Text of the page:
If you are a survivor of sexual abuse and you have been turned off by religion, please know that there are faithful believers who struggle with you.  Religion doesn’t need to be reduced to trite catch-phrases that dishonor the pain you have endured or try to make you responsible for finding an explanation for the random, senseless violence that was perpetrated on you.

There are several resources for exploring a questioning faith, including a few of my favorites: Living the Questions, Progressive Christian Theology, Kissing FishNALT (Not All Like That), and “My Grandfather’s Blessings.”  These are all mainly Judeo-Christian resources.  I’m sure there are similar meaningful resources in all religions.  Just keep pursuing unanswerable questions and you will find yourself in good company.

What religious teachings don’t pass your test?


Even if…

I once got pick-pocketed and thanked the thief who robbed me! Seriously. Who does that?? A kind-hearted person, who was preyed upon by a criminal – that’s who. I used to be really embarrassed that I actually thanked a robber until I realized that I had nothing to be ashamed of.

I was traveling in a foreign country. I was in the company of a native, whom I knew and trusted. A few years earlier, my husband and I had hosted a foreign exchange student. We were riding the subway in downtown Madrid with our former exchange-student when it happened. I was wearing a fanny pack with my driver’s license, some cash and a credit card. The subway was very crowded, so we were all standing very close to one another. A man tapped me on the shoulder, and pointed out to me that there was something really gross on my right shoulder. He started “helping me” get it off, making quite a production of it. This little drama allowed his partner to unzip my pack and remove its contents easily while I was distracted. When the train doors opened at the next stop, the object finally came lose and the man who was “helping me” got off the train. As he left, I smiled and waved, telling him “Gracias!”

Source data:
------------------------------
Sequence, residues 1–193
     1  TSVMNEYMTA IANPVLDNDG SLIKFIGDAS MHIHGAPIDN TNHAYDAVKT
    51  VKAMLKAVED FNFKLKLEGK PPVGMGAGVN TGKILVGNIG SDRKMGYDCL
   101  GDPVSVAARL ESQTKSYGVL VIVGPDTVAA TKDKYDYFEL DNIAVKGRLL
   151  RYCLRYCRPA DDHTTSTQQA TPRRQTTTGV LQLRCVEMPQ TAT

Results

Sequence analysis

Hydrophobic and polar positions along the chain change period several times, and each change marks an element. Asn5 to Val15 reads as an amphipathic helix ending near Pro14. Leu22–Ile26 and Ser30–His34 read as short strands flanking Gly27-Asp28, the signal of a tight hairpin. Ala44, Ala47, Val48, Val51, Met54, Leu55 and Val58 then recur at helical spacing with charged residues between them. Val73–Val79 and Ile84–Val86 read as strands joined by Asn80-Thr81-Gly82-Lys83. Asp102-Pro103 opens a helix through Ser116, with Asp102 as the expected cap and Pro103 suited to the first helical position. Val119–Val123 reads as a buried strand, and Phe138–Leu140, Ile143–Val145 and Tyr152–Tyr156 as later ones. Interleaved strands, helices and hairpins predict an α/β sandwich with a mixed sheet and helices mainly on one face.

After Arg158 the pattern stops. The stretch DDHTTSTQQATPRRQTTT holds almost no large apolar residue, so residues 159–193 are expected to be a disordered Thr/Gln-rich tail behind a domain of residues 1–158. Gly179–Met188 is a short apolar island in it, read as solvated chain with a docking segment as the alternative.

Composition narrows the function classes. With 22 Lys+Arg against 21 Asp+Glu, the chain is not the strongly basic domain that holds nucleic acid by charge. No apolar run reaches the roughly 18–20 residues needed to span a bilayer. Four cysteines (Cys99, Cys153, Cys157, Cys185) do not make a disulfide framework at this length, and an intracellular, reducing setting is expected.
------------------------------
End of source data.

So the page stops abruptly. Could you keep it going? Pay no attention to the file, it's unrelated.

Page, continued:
A few minutes later, when I realized what had happened, I felt more violated by the fact that I had thanked him than I did about the loss of my card and license.

If you listen to rape culture, and apply its thinking, I wasn’t really robbed. After all, I am a generous person, so I might have given him the money if I were asked, and I knowingly went into a risky environment, wearing my valuables in plain sight. And, then there’s the fact that I not only didn’t object, I thanked him. No one is that naïve, right?

The minister who raped me at 15 also robbed me. He robbed me of my innocence and my virginity. And just because I didn’t object, and even though I worshiped him and thought he loved me, it was still rape. Once I realized the crime that was committed on me, I was very ashamed and embarrassed that I was used and abused in this way and so naïve…until I realized that I have nothing to be ashamed of.  I was a kind-hearted person who was preyed upon by a criminal.

Almost everyone who is sexually abused is somehow made to think that they were at least partially to blame, but that is a lie. Please, don’t believe it. Even if you didn’t object. Even if you thanked him. Even if…